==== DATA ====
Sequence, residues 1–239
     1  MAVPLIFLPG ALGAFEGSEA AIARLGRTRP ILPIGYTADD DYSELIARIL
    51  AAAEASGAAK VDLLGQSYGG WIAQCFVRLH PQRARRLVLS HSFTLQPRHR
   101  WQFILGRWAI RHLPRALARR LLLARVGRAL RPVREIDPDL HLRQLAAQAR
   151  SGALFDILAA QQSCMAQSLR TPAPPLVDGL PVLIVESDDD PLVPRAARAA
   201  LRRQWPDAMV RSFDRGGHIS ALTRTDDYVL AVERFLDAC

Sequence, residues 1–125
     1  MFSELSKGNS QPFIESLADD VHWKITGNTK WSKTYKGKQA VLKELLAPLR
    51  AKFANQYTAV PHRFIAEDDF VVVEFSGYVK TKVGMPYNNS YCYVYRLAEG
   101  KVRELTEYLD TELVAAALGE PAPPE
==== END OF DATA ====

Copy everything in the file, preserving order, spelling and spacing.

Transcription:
Sequence, residues 1–239
     1  MAVPLIFLPG ALGAFEGSEA AIARLGRTRP ILPIGYTADD DYSELIARIL
    51  AAAEASGAAK VDLLGQSYGG WIAQCFVRLH PQRARRLVLS HSFTLQPRHR
   101  WQFILGRWAI RHLPRALARR LLLARVGRAL RPVREIDPDL HLRQLAAQAR
   151  SGALFDILAA QQSCMAQSLR TPAPPLVDGL PVLIVESDDD PLVPRAARAA
   201  LRRQWPDAMV RSFDRGGHIS ALTRTDDYVL AVERFLDAC

Sequence, residues 1–125
     1  MFSELSKGNS QPFIESLADD VHWKITGNTK WSKTYKGKQA VLKELLAPLR
    51  AKFANQYTAV PHRFIAEDDF VVVEFSGYVK TKVGMPYNNS YCYVYRLAEG
   101  KVRELTEYLD TELVAAALGE PAPPE